DPS releases statement on checkpoints controversy

DPS releases statement on checkpoints controversy

POSTED: Thursday, September 26, 2013 - 1:19pm

UPDATED: Monday, September 30, 2013 - 6:46am

In response to mischaracterizations and false information being reported in the media regarding traffic regulatory checkpoints in the Rio Grande Valley, the Texas Department of Public Safety (DPS) is providing the following information to address those inaccuracies:

• Law enforcement identified various criminal activities and unsafe driving behaviors in south Texas that led to the launch of a short-term, multi-agency law enforcement effort in the Rio Grande Valley.

• Regarding driving behaviors: In 2010, 2011 and 2012, a three-county area (Cameron, Hidalgo and Willacy) in the Rio Grande Valley led the state in the number of citations DPS issued to drivers for “no driver license;” and the same area is second only to the Houston area for “no insurance” citations issued by DPS during the same time period. In fact, 15 percent of all DPS-issued “no driver license” citations in the state occurred in the same three counties in the Rio Grande Valley in 2012. These numbers do not include citations issued by local law enforcement officers.

• Some uninformed individuals have claimed that these checkpoints are illegal – which is false. A traffic regulatory checkpoint is, in fact, an authorized law enforcement strategy that has been held to be constitutionally permissible by the U.S. Supreme Court (City of Indianapolis v Edmond, 531 U.S. 32, 2000) and by the Texas Court of Criminal Appeals (Lujan v. State, 331 S. W. 3d 768, 2011). DPS conducts traffic regulatory checkpoints under its general authority to enforce the laws protecting public safety.

• Traffic regulatory checkpoints are used only for the purpose of determining compliance with specific regulatory traffic statutes, including failure to display a driver license, failure to maintain financial responsibility, as well as vehicle safety and registration requirements. If a violation is found, a citation or warning is issued, and warrant checks are conducted. Other obvious criminal violations can also be addressed; for example, driving while intoxicated.

• The goal of enforcing traffic regulatory compliance is to make the roadways safer for all travelers.

• Regulatory checkpoints have not and will not be used to ascertain immigration status. Moreover, reports that Border Patrol agents are present at these checkpoints are blatantly false. The individuals making these allegations are doing a disservice to the public by spreading inaccurate information to their communities and unnecessarily alarming the public.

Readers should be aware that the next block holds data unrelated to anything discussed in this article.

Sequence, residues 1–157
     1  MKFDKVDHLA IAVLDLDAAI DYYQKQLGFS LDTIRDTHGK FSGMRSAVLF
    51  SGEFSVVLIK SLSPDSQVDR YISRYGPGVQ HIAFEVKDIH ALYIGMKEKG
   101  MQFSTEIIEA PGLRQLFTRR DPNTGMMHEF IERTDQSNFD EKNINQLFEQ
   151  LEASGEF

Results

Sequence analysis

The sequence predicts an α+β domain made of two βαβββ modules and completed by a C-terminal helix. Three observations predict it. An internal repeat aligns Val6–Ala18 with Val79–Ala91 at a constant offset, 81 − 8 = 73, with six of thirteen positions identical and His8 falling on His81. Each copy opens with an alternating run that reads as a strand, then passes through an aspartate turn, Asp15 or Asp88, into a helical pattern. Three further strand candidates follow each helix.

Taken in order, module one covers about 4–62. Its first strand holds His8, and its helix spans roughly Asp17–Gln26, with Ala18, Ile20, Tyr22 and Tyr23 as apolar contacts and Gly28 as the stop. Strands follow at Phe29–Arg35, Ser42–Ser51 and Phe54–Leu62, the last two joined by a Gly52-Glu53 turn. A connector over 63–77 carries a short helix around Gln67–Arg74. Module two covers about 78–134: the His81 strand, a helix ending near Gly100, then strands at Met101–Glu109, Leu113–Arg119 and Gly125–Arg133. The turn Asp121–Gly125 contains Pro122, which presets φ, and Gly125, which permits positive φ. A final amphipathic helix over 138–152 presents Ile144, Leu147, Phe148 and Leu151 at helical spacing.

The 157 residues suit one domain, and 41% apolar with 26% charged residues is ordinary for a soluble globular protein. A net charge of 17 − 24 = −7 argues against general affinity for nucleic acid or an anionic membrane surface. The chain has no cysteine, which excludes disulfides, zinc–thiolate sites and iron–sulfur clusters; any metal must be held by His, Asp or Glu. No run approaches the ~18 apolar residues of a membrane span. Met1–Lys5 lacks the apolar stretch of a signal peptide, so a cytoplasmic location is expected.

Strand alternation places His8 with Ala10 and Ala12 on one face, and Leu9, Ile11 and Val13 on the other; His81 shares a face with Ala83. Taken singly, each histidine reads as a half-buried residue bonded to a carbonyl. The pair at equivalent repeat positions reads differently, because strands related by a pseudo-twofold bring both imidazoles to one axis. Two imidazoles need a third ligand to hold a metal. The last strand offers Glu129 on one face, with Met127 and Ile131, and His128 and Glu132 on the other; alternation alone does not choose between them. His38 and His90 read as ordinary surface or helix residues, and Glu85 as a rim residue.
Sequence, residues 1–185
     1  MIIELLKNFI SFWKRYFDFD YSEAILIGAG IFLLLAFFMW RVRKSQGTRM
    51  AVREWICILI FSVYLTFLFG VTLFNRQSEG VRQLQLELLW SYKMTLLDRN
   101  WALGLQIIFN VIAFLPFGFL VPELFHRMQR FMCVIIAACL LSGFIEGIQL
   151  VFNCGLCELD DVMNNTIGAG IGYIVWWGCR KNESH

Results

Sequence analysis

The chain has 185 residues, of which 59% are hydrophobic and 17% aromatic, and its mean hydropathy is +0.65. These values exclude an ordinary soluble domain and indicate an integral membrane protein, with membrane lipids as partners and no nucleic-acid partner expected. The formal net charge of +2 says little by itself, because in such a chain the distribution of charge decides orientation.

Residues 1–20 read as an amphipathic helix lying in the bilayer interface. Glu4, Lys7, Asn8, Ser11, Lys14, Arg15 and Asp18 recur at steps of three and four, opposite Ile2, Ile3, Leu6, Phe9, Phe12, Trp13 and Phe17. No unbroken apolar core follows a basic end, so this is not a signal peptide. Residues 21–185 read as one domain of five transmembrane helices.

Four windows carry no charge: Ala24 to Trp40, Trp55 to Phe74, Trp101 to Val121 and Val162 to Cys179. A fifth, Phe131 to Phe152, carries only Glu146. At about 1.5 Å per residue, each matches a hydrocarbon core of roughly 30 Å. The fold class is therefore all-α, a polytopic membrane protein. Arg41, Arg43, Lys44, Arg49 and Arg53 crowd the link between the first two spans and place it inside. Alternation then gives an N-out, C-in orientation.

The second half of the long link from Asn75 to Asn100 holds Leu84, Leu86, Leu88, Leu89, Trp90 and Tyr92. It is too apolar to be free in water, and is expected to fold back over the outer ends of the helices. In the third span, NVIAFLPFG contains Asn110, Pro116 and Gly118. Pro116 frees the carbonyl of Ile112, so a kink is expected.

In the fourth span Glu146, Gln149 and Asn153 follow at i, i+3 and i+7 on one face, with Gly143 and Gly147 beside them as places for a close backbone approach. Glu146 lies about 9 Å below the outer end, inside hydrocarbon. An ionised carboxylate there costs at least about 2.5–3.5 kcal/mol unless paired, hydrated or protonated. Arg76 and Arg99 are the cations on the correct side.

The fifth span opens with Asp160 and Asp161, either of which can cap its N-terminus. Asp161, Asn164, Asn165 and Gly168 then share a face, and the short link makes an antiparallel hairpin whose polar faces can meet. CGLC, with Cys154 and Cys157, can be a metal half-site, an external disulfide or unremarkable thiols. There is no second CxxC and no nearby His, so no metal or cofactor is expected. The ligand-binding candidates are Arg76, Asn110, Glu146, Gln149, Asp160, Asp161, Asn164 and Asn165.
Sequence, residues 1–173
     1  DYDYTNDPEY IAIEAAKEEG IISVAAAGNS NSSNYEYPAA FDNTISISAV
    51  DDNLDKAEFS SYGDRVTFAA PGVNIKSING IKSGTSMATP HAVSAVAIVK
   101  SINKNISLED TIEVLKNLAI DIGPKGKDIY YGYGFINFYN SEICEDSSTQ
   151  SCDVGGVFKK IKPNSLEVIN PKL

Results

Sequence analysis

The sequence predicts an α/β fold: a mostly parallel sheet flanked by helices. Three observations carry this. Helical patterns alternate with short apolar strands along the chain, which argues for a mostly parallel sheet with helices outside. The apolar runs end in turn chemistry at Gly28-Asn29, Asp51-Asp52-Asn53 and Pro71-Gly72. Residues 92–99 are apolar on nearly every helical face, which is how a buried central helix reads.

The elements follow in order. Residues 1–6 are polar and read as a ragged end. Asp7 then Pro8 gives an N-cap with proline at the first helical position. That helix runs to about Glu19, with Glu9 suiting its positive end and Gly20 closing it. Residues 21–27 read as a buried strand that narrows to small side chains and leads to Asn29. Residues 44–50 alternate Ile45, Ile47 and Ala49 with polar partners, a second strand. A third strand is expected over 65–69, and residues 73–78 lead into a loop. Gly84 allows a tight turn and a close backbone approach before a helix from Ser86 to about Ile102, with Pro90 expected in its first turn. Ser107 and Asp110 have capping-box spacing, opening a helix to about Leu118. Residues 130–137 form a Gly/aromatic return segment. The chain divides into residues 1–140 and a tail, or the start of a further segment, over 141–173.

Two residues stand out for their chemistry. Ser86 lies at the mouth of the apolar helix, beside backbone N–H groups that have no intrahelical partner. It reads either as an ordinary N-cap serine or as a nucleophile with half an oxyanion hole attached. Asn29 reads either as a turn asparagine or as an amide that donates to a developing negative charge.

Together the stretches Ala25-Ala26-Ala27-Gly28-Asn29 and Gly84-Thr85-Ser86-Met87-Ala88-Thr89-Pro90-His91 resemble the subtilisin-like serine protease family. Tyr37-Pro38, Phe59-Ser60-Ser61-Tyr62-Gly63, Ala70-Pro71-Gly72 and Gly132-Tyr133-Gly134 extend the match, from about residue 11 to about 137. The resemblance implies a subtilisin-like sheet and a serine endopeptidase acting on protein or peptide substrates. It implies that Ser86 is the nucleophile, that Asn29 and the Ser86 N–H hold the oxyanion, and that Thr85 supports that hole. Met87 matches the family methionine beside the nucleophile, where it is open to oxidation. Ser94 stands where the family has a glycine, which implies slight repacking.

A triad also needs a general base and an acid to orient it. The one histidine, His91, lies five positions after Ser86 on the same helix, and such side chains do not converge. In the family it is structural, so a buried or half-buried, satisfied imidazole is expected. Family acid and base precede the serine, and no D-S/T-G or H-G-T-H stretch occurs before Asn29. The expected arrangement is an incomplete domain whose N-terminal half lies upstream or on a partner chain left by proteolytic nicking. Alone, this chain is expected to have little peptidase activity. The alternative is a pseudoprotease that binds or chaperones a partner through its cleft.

• No immigration arrests have been made at any of the traffic regulatory checkpoints; however, there have been a number of citations for no driver license, no insurance, no seat belts, and no/improper vehicle registration.

• No law-abiding drivers should be concerned with traffic regulatory checkpoints if they are in compliance with the traffic laws and carrying insurance on their vehicles.

• The majority of drivers in Texas value and obey traffic laws, and carry insurance on their vehicles, as they understand the significant consequences of being involved in an automobile crash with a driver who is uninsured and unlicensed.

• DPS Director Steven McCraw has personally spoken with members of the Texas Legislature about this important law enforcement initiative, including the regulatory checkpoints, and he has invited lawmakers to visit the Rio Grande Valley to observe these checkpoints firsthand, especially for those who have been provided false and misleading information.

• DPS appreciates those government officials who support law enforcement in their efforts to ensure safe and secure roadways for all Texans.

• DPS will release a summary of results, including regulatory checkpoint statistics, following the conclusion of this multi-agency law enforcement initiative.

“Drivers who do not comply with traffic laws not only put themselves in danger but also risk the lives and safety of innocent individuals. Unfortunately, law-abiding Texans are often forced to suffer the physical and financial consequences when others fail to adhere to driver license, insurance or vehicle safety requirements,” said Director McCraw.

Comments News Comments

So it would be perfectly fine to film what happens between the officer and the driver? Sorry, but I don't trust the motives. I did hear of someone being stopped who was given a warning, but the warning does not state what it was for...

Thank you DPS for doing this. I was in a traffic accident on the 24th of Sept. because a driver rear-ended me on the expressway in Donna, TX. The driver did not have a license on him and gave an invalid ID card to the police officer, which was not in fact an active policy. Now, I am forced to fork the money for hospital bill and my insurance covers the cost of fixing the car. This is not right. Thank you for enforcing these laws because I don't want someone going through what we have.


They are doing a great job, it's the law to maintain insurance drivers licenses seatbelts. Ect inspection stickers and plates. Keep up the good work.

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